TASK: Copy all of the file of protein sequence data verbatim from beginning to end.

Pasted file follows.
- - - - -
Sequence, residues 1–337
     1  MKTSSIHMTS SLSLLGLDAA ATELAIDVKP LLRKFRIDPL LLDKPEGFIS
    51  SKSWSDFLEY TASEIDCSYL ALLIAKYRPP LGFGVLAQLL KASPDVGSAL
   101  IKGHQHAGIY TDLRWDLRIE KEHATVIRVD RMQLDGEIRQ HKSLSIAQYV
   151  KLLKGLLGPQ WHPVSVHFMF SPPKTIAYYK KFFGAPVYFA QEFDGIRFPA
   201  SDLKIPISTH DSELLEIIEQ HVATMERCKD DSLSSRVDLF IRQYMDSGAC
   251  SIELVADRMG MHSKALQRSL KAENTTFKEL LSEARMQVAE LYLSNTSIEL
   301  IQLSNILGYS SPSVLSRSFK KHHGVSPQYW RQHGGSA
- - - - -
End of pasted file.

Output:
Sequence, residues 1–337
     1  MKTSSIHMTS SLSLLGLDAA ATELAIDVKP LLRKFRIDPL LLDKPEGFIS
    51  SKSWSDFLEY TASEIDCSYL ALLIAKYRPP LGFGVLAQLL KASPDVGSAL
   101  IKGHQHAGIY TDLRWDLRIE KEHATVIRVD RMQLDGEIRQ HKSLSIAQYV
   151  KLLKGLLGPQ WHPVSVHFMF SPPKTIAYYK KFFGAPVYFA QEFDGIRFPA
   201  SDLKIPISTH DSELLEIIEQ HVATMERCKD DSLSSRVDLF IRQYMDSGAC
   251  SIELVADRMG MHSKALQRSL KAENTTFKEL LSEARMQVAE LYLSNTSIEL
   301  IQLSNILGYS SPSVLSRSFK KHHGVSPQYW RQHGGSA